Mattis on North Korea: U.S. Army Should ‘Stand Ready’ if Military Option Needed

Defense Secretary Jim Mattis, left, accompanied by Joint Chiefs Chairman Gen. Joseph Dunford, speaks on Afghanistan before the Senate Armed Services Committee on Capitol Hill in Washington, Tuesday, Oct. 3, 2017. (AP Photo/Andrew Harnik)
AP Photo/Andrew Harnik

Defense Secretary James Mattis said Monday that the U.S. military should “stand ready” in case a military option is needed on North Korea.

After his keynote speech at the Association of the United States Army conference, Mattis was asked, “what can the U.S. military do to lessen the likelihood of conflict on the Korean Peninsula?”

Mattis said the Trump administration was pursuing a diplomatic effort with North Korea, but the U.S. military can do its part by staying ready.

“Ladies and gentlemen, it is right now a diplomatically-led, economically sanction-buttressed effort to try to turn North Korea off this path,” he said.

“Now, what does the future hold? Neither you nor I can say. So there’s one thing the U.S. Army can do, and that is, you have got to be ready to ensure that we have military options that our president can employ, if needed,” he said.

The U.S. has been pursuing a strategy of “maximum pressure” on North Korea, applying diplomatic and economic pressure multilaterally and unilaterally. It is also increasing pressure on China, North Korea’s closest ally.

Trump has in recent days suggested that talking to North Korea was a “waste of time,” but officials later clarified that he meant at this point in time.

North Korea’s nuclear weapons program has become the most urgent national security issue during the Trump presidency.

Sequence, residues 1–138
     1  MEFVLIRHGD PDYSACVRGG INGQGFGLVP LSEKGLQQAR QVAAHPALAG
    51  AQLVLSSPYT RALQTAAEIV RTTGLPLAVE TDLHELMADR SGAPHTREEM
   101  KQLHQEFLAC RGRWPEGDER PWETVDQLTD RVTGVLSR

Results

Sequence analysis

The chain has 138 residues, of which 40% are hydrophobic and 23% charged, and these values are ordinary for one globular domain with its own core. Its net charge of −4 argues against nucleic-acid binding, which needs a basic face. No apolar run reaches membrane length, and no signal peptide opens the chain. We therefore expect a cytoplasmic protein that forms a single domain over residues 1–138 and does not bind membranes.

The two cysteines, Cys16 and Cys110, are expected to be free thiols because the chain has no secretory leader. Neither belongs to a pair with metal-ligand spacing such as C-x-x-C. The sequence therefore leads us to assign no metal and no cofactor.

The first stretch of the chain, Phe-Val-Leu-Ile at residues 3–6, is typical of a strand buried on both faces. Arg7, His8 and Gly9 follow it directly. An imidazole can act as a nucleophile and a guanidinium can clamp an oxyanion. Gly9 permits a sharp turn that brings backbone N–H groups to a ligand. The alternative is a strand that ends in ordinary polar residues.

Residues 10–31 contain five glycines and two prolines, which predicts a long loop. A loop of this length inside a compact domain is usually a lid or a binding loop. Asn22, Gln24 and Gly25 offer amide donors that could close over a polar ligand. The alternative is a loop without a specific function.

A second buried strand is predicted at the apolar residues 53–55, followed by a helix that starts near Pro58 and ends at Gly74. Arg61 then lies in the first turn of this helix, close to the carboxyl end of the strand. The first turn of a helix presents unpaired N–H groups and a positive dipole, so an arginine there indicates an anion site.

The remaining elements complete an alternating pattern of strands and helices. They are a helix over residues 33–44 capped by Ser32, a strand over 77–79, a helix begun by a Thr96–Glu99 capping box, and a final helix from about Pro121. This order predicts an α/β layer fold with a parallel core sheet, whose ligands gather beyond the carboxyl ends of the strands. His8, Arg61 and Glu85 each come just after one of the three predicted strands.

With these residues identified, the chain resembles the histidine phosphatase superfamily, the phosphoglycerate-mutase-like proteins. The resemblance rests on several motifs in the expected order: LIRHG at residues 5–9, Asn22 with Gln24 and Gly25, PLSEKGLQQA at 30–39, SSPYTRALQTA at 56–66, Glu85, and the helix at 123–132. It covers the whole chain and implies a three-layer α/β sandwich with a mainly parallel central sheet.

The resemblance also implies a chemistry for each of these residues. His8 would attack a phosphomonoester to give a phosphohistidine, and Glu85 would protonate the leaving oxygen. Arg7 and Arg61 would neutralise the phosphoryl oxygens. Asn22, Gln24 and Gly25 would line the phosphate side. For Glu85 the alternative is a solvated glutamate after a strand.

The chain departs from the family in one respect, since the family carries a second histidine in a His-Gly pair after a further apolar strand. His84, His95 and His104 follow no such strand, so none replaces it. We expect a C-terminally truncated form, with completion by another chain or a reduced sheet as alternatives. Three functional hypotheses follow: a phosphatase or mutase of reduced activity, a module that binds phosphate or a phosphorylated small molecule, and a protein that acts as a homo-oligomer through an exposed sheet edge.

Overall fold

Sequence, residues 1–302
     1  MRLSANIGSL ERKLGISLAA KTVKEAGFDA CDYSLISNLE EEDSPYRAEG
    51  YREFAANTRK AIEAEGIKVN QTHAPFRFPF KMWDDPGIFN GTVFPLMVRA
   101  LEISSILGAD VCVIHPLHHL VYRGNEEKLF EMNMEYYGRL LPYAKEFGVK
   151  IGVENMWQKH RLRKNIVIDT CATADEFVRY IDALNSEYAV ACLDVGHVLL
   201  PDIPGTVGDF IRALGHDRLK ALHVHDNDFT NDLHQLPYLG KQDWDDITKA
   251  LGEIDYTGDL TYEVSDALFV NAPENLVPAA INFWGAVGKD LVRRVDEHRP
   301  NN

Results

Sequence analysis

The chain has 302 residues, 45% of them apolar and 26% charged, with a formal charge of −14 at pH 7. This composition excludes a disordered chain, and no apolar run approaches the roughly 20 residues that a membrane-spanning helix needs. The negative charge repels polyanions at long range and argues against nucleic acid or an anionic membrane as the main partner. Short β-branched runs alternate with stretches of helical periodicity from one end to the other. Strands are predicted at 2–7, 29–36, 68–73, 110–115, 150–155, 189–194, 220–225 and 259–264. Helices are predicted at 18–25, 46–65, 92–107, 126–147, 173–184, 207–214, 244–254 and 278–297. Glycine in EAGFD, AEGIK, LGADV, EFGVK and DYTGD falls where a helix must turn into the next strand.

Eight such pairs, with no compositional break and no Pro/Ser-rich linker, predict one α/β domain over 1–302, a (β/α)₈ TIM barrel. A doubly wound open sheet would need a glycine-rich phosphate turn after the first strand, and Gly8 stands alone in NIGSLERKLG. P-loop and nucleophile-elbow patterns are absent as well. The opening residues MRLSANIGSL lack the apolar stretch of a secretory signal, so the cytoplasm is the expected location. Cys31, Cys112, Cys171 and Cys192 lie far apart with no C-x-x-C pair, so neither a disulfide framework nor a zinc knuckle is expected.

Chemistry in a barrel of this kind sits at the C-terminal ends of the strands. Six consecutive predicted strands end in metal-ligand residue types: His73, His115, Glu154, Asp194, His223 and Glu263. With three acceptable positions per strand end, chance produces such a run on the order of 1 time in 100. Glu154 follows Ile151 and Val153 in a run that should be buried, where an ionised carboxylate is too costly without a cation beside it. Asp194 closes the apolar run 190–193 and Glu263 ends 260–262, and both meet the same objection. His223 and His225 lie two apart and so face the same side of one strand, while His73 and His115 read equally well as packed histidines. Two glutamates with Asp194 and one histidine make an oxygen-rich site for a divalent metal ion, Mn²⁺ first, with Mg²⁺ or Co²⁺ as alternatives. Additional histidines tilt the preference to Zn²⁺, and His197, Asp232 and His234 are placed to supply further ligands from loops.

This year, North Korea tested an intercontinental ballistic missile that could potentially reach the U.S. mainland, and the U.S. intelligence community assesses it has the technology to miniaturize a nuclear warhead atop it.

U.S. military leaders say North Korea has all the components but has not demonstrated it can put them all together effectively. North Korea also conducted its sixth nuclear test this year, which it claims was a hydrogen bomb.

Mattis—who has grown close with Secretary of State Rex Tillerson—has taken every opportunity to emphasize that the U.S. approach is diplomatically-led, but maintains the U.S. military has options if necessary.

“We currently are in a diplomatically-led effort, and how many times did you see in the U.N. Security Council vote unanimously, now twice in a row, to impose stronger sanctions on North Korea? And remember, the Security Council has countries like France and Russia, China, the United States—you know who’s on there—and all voted unanimously on this,” he said Monday.

He added, “The international community has spoken, but that means the U.S. Army must stand ready. And so, if you’re ready, that’s your duty at this point in time. And I know the Army will always do it’s duty.”

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